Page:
Have you heard about “microaggressions” that come in the form of “microassaults” and “microinsults” and “microinvalidations?” You may not know those totems of pain by their formal names, but I’m certain, at times in your life, you’ve felt their sting and, perhaps, even employed a few of them.
One sunny morning in Pau, one of the neighbors came to take some plants for his garden. The elderly gentleman in the photograph on the right is Monsieur Romanov — a descendant of the Romanov family, rulers of Russia from 1613 until the Russian Revolution in 1917.
I’ve always found it odd when people you work with, or collaborate with, or may work with in the future, use the phrase “getting into bed together” as a business condiment as if to somehow oddly sexualize what is, in fact and deed, a working relationship that is, if anything, asexually platonic by necessity of average function.
I wonder why there is a need to make a business contract a personal and intimate formality in such a dramatic manner. Private relationships are bound by blood and emotion and decrees of love and passion. No public business should operate under any of those terms. I always wonder why that “in bed” phrase is so important for some people to utter during a negotiation or in a team spirit meeting.
As you know by now, I spent some helping clear out the aged aunts house at Pau. The upside of this was that I was offered my choice of the goodies on offer — i.e first dibs on the treasure. There was one thing I particularly wanted, and I had the perfect space for it.
The piece looks unassuming — like a tired old door — which it is. In itself, it is an interesting object — showing its history in the layers of paint and the markings where the ornate hinges were once placed. It was recovered by Mr P’s aunt from a derelict nunnery in the south of France.
The second contributory fact for my 80 day absence was the premature closure of Mr P’s family house in Pau. Mr P’s aged aunt’s health had deteriorated to a stage where she needed more in-depth care than his equally elderly mother could provide.
We have always been aware that this situation would arrive in the near future — but were caught napping when it rapidly loomed upon us out of the blue and we had to take a dash to France.
Finding a suitable nursing home for elderly people is difficult at the best of times — finding one that accepts patients with Alzheimer’s, and provides compassionate understanding care for them, is even worse. Luckily, we had the help of one of Mr P’s brothers who took care of most of that for us . A deal was struck he would sort out their aunt and we would sort out their mother.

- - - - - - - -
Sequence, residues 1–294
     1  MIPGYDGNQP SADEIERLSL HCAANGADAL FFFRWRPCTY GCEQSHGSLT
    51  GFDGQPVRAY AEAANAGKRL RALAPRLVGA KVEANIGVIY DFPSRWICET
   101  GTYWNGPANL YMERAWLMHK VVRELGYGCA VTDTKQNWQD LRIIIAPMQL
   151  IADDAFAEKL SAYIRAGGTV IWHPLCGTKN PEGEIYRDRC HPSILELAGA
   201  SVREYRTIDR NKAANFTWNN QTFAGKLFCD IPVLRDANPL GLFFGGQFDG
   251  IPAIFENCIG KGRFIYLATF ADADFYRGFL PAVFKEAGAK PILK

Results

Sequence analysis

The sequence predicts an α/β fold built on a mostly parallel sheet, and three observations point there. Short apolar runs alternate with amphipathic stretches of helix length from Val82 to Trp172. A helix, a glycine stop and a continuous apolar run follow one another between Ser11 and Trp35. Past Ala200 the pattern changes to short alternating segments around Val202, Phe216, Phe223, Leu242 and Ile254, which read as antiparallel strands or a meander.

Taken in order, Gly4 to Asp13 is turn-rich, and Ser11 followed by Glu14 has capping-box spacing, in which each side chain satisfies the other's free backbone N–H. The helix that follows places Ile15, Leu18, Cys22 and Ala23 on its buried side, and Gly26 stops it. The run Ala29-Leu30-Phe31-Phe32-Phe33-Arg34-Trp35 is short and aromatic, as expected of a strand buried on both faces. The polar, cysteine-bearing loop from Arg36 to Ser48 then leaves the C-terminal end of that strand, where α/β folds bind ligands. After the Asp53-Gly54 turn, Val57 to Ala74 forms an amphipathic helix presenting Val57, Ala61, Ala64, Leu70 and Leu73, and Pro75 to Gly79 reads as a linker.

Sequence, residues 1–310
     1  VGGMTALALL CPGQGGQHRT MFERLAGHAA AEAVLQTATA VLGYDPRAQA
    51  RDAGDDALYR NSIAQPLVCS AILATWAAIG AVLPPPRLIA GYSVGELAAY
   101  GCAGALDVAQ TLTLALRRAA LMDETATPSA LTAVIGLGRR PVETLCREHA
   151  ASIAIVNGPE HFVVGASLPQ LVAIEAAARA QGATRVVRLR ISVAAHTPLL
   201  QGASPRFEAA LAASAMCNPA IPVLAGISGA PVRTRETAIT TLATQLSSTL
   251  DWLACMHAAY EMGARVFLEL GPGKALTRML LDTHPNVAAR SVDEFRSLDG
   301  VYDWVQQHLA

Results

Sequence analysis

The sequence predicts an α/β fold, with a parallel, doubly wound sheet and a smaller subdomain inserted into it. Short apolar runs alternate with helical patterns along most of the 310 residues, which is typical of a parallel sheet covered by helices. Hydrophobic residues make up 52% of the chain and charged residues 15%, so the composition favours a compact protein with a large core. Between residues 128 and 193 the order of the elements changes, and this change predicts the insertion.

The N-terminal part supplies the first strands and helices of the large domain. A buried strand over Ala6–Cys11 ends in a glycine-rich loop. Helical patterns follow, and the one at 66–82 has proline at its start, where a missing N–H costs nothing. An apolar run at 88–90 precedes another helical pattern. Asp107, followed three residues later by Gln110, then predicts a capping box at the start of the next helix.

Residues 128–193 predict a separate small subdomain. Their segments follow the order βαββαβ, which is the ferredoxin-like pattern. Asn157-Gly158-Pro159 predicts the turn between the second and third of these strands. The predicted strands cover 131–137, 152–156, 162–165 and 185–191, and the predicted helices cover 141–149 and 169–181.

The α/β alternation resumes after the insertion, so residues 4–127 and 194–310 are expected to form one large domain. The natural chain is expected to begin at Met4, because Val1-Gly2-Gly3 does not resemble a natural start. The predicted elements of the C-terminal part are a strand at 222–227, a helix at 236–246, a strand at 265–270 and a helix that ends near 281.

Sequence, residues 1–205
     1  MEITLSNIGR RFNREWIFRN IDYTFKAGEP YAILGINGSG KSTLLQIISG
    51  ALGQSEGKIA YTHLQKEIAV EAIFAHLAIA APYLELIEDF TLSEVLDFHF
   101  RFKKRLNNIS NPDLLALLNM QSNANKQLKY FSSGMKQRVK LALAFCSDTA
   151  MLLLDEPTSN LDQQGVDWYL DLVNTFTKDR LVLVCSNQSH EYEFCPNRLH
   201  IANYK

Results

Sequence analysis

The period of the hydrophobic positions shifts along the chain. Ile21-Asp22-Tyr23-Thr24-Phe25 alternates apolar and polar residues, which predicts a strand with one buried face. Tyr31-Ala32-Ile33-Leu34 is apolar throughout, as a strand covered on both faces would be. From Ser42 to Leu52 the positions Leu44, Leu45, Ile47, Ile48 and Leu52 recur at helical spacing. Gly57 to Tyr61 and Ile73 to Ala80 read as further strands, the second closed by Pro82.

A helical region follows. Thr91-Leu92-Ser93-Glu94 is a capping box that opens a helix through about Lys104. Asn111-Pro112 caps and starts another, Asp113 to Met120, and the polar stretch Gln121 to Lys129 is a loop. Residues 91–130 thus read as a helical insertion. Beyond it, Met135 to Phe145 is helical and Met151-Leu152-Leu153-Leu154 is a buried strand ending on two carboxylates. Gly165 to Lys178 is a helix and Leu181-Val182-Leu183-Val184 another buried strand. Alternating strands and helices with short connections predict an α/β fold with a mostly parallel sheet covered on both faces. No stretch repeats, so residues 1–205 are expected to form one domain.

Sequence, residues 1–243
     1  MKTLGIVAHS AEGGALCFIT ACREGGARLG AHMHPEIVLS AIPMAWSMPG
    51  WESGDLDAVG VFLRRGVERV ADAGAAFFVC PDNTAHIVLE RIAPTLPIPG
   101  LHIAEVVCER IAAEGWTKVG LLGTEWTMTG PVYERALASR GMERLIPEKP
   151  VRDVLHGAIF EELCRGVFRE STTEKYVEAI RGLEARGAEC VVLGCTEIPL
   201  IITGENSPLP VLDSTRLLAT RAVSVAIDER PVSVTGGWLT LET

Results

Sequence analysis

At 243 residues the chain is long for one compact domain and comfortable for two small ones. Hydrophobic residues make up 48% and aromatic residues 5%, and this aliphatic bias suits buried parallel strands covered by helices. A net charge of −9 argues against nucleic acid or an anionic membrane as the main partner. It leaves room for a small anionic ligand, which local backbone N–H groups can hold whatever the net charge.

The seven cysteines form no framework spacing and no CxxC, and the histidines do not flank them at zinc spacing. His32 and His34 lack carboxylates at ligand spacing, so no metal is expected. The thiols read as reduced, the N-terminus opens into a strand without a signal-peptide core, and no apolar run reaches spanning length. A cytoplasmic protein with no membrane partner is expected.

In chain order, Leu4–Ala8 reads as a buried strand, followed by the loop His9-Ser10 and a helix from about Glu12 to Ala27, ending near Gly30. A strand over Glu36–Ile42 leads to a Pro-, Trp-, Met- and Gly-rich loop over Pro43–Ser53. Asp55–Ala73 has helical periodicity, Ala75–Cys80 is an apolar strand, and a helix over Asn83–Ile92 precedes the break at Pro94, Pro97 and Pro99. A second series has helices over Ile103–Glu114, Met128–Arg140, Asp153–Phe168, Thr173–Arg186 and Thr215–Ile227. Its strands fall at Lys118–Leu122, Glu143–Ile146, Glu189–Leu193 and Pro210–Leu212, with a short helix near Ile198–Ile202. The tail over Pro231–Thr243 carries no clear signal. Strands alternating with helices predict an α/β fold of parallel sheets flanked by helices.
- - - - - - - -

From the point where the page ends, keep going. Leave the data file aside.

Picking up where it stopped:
A suitable residence was found for their aunt, not far from where the brother’s family lives — which would enable him to visit her whenever he went to see his daughter and granddaughter.
We then had the task of packing up mother and her possessions and returning her to the apartment in Lisbon.
Life has changed for modern children. When I was growing up in the Midwest, you sought freedom — and if it wasn’t granted with a bicycle, then you found other, more nefarious ways, to run away and play far away from your doorstep.
It isn’t that way any longer. Today, kids are protected and driven and supervised in organized sports and cultural events. There’s no spontaneity now because there’s fear of the unknown and danger in the creative. No sandlot baseball. No football games with self-set boundaries and special scoring. Everything is regulation. There can be no divergence from the norm.
We’re creating a society of young people who are risk-averse and too frightened to set their own agendas and follow their own, unblazed, pathway. Fun is the new mysterious stranger. “Do what you want” is the new monster under the bed.
How many of us live to be defined by our possessions? How many of us find value only in what we have achieved and won and coveted? I wrote about this nagging issue of human governance on November 22, 2006 — “Worthy of History: Only Expensive Things Survive” –
The perversion of the historical accuracy of how our ancestors lived, and how we currently live, is created by preserving only expensive possessions — tokens, icons, valuables – and in the purposeful construction of indestructible architectural monuments used by the privileged few.
History is skewed by this preservation technique because it only pretends to tell future generations how people actually lived. When we visit museums we are only seeing what the powerful majority of the culture of that time deemed important enough to save and pass down.
We only get to know what they thought was worth saving and inevitably those things are the expensive, the pretty, the unique and the tokens of the wealthy. Even pioneer and Native American museum dioramas are idealized with hardy items and the most beautiful things. The ordinary is forsaken for the power of the inherent value in the preservation of the perceived best.